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Mol Biol Evol. 2015 May;32(5):1232-6. doi: 10.1093/molbev/msv013. Epub 2015 Jan 27.

Determining the Null Model for Detecting Adaptive Convergence from Genomic Data: A Case Study using Echolocating Mammals.

Author information

1
School of Informatics and Computing, Indiana University, Bloomington.
2
School of Informatics and Computing, Indiana University, Bloomington Department of Biology, Indiana University, Bloomington mwh@indiana.edu.

Abstract

Convergent evolution occurs when the same trait arises independently in multiple lineages. In most cases of phenotypic convergence such transitions are adaptive, so finding the underlying molecular causes of convergence can provide insight into the process of adaptation. Convergent evolution at the genomic level also lends itself to study by comparative methods, although molecular convergence can also occur by chance, adding noise to this process. Parker et al. studied convergence across the genomes of several mammals, including echolocating bats and dolphins (Parker J, Tsagkogeorga G, Cotton JA, Liu Y, Provero P, Stupka E, Rossiter SJ. 2013. Genome-wide signatures of convergent evolution in echolocating mammals. Nature 502:228-231). On the basis of a null distribution of site-specific likelihood support (SSLS) generated using simulated topologies, they concluded that there was evidence for genome-wide adaptive convergence between echolocating taxa. Here, we demonstrate that methods based on SSLS do not adequately measure convergence, and reiterate the use of an empirical null model that directly compares convergent substitutions between all pairs of species. We find that when the proper comparisons are made there is no surprising excess of convergence between echolocating mammals, even in sensory genes.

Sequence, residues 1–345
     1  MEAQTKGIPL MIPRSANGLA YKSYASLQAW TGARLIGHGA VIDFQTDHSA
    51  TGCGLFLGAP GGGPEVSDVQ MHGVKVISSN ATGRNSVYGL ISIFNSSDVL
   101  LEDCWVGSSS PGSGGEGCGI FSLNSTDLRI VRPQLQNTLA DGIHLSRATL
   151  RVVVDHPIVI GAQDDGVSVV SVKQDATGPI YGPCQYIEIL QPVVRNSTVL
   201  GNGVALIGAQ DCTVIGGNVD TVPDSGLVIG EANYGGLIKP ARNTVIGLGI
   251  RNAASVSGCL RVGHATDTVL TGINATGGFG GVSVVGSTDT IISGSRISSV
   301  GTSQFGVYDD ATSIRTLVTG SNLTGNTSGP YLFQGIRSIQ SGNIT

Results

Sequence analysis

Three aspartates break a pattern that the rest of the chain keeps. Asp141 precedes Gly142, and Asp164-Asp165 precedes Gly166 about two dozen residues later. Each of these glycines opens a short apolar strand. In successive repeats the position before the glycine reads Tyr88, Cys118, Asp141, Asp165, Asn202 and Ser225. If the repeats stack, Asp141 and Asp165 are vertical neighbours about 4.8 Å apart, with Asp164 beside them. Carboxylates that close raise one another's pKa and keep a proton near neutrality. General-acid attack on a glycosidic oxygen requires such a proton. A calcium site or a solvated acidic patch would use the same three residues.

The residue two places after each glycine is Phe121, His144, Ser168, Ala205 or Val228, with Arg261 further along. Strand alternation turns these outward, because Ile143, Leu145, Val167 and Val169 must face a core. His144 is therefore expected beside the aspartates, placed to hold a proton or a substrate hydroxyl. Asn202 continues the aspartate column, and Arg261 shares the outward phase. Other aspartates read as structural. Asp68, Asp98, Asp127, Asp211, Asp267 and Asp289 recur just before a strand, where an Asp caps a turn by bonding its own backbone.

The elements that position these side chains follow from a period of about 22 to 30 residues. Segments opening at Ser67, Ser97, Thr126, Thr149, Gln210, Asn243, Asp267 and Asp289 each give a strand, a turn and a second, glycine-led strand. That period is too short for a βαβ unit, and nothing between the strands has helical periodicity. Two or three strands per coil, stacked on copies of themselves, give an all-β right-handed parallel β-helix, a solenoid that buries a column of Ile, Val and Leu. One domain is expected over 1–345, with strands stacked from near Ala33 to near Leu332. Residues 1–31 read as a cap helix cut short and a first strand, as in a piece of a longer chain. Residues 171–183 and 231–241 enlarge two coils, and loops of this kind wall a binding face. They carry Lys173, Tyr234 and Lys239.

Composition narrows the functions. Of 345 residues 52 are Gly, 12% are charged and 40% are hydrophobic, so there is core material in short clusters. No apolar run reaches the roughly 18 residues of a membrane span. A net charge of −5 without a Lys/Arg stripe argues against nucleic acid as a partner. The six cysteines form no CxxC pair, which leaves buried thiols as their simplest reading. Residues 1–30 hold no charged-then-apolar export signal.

KEYWORDS:

adaptation; convergence; echolocation; parallel evolution

PMID:
25631926
PMCID:
PMC4408409
DOI:
10.1093/molbev/msv013
[Indexed for MEDLINE]
Free PMC Article

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